GFOA Conference Takeaway: It Takes a Strong Leader to Succeed in the Public Sector
Anyone working in the public sector has likely heard complaints about how government, education, healthcare, nonprofits, or other organizations should work more like businesses and less like stereotypical governmental agencies. It’s as if they are suggesting that taking on a traditional business model is a guaranteed way to succeed. If that were the case, however, why is it that some businesses are wildly successful, while the rest flounder in mediocrity or fail altogether? Leading and succeeding in the public sector isn’t that simple, but it doesn’t have to be that complicated, either.
Separating Good Leaders from Great Leaders
We had the pleasure of participating in the 2017 Government Finance Officers Association (GFOA) Annual Conference. Good to Great author Jim Collins delivered the keynote and set the tone for the conference. Collins has studied leadership across the board, from businesses to the public sector, and believes public sector organizations, including governmental financial services, should not operate like traditional businesses. There are other ways to be successful, all stemming from stronger leadership.
Understanding what separates good leaders from great leaders might be a better indicator for determining what separates good public service organizations from more successful ones. What makes a great leader? It’s more than just personality, discipline, or charisma. A great leader has a way of attracting and encouraging a team to follow when there is freedom not to follow. Great leaders aren’t leading a cause; rather, they show humility, understanding that the cause is greater than they are. Ambition is channeled outward and draws in the support from the team.
The Hedgehog Concept
Collins discusses the Hedgehog Concept in his book, Good to Great. The idea is to learn how to produce the best long-term results while also learning how to say ‘no’ to the opportunities that fail the hedgehog test.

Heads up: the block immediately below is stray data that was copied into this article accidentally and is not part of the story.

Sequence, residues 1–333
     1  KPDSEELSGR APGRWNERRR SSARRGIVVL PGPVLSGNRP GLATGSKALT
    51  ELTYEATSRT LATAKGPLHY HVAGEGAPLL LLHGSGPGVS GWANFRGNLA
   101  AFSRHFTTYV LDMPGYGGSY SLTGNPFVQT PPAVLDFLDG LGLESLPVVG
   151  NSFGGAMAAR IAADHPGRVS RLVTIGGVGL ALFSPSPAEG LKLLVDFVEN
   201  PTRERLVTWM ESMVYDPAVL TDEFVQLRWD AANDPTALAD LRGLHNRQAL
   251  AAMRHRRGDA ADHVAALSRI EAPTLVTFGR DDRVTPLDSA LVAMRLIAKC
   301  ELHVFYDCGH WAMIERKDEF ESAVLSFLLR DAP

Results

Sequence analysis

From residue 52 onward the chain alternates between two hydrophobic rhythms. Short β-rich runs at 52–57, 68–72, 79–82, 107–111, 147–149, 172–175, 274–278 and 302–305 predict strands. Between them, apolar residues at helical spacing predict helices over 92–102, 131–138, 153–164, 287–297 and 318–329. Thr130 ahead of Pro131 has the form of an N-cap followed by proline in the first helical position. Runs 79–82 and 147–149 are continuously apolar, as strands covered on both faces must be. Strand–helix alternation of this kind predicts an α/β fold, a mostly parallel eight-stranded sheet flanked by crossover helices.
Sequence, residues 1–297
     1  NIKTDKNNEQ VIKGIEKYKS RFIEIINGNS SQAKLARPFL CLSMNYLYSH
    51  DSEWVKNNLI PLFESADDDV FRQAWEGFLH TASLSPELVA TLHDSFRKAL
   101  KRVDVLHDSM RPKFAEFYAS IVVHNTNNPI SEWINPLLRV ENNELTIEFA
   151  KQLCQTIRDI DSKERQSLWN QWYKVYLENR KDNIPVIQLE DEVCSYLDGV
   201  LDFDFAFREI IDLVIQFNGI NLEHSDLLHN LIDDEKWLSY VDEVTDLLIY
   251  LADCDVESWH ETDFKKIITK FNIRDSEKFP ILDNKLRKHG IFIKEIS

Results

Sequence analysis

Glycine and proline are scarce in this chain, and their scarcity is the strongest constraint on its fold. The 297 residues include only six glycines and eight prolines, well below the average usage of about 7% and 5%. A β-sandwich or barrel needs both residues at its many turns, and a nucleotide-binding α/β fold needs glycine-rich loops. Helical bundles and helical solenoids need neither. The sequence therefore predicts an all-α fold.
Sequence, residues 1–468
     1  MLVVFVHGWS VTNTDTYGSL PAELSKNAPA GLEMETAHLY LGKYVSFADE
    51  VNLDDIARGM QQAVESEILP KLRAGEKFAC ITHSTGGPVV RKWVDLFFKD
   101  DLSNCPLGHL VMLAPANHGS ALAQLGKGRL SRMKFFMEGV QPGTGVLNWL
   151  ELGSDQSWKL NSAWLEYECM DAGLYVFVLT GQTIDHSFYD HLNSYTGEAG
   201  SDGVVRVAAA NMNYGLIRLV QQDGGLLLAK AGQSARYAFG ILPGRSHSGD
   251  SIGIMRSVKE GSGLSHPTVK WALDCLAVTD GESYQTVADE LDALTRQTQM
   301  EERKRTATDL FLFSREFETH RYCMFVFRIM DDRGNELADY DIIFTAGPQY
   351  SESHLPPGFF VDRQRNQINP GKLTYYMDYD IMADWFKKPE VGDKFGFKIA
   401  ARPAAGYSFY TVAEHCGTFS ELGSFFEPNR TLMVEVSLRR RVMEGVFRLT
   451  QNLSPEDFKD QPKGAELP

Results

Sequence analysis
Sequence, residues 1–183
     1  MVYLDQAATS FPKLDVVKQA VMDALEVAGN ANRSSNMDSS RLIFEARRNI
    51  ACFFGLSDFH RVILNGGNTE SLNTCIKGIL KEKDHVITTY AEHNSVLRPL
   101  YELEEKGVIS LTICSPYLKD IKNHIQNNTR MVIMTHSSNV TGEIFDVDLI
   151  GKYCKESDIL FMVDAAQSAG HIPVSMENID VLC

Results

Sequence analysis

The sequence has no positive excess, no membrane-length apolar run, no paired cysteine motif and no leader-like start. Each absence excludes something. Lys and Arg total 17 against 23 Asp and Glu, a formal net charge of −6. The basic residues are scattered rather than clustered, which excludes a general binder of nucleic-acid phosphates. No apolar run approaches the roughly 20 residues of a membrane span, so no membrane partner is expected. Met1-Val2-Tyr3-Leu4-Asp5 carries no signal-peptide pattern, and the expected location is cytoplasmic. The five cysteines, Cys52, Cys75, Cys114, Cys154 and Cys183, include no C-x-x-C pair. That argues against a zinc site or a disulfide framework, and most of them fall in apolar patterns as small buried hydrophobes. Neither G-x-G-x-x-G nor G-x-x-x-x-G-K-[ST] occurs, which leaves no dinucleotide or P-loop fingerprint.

The concept has three intersecting circles:
- What are you deeply passionate about?
- What can you be the best in the world at?
- What best drives your economic engine?
It’s important to note that the third point, regarding an economic engine, doesn’t strictly refer to money. Certain public sector organizations rely on other resources and support, such as time, emotional commitment, or volunteers to accomplish their mission. That leads to another key element of success for leaders, which is to surround yourself with the right people.
It Really is Who You Know
Working in the public sector takes a different kind of person with a different set of goals. In the private sector, businesses can hire and fire people, using money to encourage retention and incentivize results from their employees. Public sector organizations don’t typically have the deep pockets to motivate with money. In this case, great leaders look for candidates who are self-motivated, self-disciplined, and driven to support a cause or mission simply because they believe it’s the right thing to do. Having the right people and the right type of leadership will take you far in your efforts to help your community and persevere through changes.
Great Leaders Make the Most of Their Budgets
This is our contribution to the discussion. In the public sector, it’s critical to optimize your finances in pursuit of your mission and goals. Join us on Tuesday, June 6th, 8:00 AM PDT/10:00 AM CDT/11:00 AM EDT for “How to Do More with Less: Efficiently Manage Your Government’s Finances with Microsoft Dynamics 365.” In this informative webcast, we will explore how Dynamics 365 for Operations (formerly known as Dynamics AX) and Power BI can help you manage strict budgets to prevent overspending while optimizing funds, deliver strong organizational financial reporting, and more.